Skip to content

Managing x86 jobs with SLURM


To do work on the Melbourne Bioinformatics (formerly VLSCI) computers, you need to submit jobs to a queue. If resources are available then your job should run shortly afterwards. Whilst your jobs are running you will have the processors and memory dedicated to you that you requested for the amount of time that you have requested.

Job scheduling, resource management and accounting are handled by SLURM (Simple Linux Utility for Resource Management).

Caveat for parallel jobs:

For all parallel jobs please use srun rather than mpirun. These days mpirun will perform far worse than using srun.

Job Management with SLURM

A typical workflow for managing a job is to:

  • create a script that specifies the settings and commands to run the job and the resources required
  • submit the job to the scheduler and resource manager
  • monitor the job's progress
  • modify the running job
  • review the state of a finished job
  • refine the script to run the job more efficiently

Job script generator

SLURM scripts: SLURM reads a text file that acts as a script of comments and commands. SLURM looks for special comments where the line starts with #SBATCH. Anything on the same line after the #SBATCH comment is interpreted as a SLURM command.

NOTE: SLURM will only look for SLURM commands in the top comments section of a script. Once a non-comment has been found (a command) any SLURM command after that line will NOT be interpreted. If your job seems to ignore your SLURM settings, please check that there are no commands before the SLURM #SBATCH.

To simplify the task of writing job submission scripts we provide an interactive job script generator.

You can modify the script (or make your own) by referring to the Job types section (below).

Job submission

To submit the resource requests to the queue, the sbatch command is used. In conjunction with the job-script, the command is of the following form:

sbatch [command line options] job-script

This command will return a number for the job id of the job, e.g.:

Submitted batch job 94402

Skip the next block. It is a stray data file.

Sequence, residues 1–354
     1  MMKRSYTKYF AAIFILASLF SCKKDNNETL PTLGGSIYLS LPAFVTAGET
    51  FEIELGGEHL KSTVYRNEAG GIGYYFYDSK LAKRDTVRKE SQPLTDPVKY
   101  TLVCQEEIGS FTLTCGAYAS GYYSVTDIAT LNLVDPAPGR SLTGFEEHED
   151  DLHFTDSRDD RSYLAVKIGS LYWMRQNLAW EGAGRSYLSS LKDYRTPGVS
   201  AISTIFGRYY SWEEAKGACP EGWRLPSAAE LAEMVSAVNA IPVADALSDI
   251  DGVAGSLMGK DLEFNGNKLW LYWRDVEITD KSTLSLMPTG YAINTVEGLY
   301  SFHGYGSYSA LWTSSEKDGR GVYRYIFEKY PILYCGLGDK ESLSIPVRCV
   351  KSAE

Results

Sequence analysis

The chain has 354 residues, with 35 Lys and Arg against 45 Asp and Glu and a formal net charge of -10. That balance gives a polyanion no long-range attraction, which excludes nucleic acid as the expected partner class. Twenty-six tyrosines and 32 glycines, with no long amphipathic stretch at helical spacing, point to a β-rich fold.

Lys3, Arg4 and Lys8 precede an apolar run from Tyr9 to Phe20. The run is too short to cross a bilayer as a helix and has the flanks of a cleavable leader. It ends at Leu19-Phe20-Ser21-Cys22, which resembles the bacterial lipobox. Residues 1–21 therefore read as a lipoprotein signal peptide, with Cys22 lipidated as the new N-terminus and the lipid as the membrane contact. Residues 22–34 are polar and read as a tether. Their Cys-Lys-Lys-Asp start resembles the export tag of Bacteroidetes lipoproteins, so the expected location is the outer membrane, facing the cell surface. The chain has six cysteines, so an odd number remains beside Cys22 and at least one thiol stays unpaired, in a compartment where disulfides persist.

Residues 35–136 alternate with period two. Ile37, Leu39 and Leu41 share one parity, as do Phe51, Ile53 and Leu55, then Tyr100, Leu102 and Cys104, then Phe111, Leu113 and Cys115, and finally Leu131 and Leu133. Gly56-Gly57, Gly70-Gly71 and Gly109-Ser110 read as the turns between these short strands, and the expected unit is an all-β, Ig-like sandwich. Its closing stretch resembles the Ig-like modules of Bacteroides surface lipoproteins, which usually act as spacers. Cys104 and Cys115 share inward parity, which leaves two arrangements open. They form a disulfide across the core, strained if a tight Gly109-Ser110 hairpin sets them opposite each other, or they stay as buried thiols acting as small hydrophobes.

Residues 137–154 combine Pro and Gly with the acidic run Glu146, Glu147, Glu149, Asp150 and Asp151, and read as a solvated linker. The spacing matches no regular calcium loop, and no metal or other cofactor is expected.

Interactive jobs

It is possible to run a job as an interactive session using sinteractive. For example:



sinteractive --x11

Will wait until your job runs, then give you a new prompt from the node your job is on and the directory you launched the job from. The --x11 option will forward any X11 windows to your machine (assuming you have X11 and forwarding set up).

All SLURM options can be passed as options to the sinteractive command.

Job monitoring

To view the state of the system use:




To limit the output to your jobs only, use the form:

showq -u


squeue -u username

where username is your Melbourne Bioinformatics username.

It is also possible to get more detailed information about a specific job using the scontrol command, see The SLURM documentation for scontrol for more information.

For example, to see the details of a job with job id jobID use:

scontrol show job jobID

To view SLURM accounting details use the sacct command, see The SLURM documentation for sacct for more information.

For example:

sacct -j jobID

Modifying a Job

If you notice that a job is taking longer than expected, please contact the Help Desk with the machine, job id and estimate of the extra time needed.

If you need to cancel your job, use:

scancel jobID

Reviewing a Job

The best way to review a job is to view any output files that it generates and the output and error files generated by SLURM. By default SLURM creates a file containing both the standard output and standard error. This file is named as slurm-jobID.out (where jobID is the job id number).

To monitor and review SLURMs accounting information for the job use:


This is useful for queued, running and finished jobs.

Optimising your script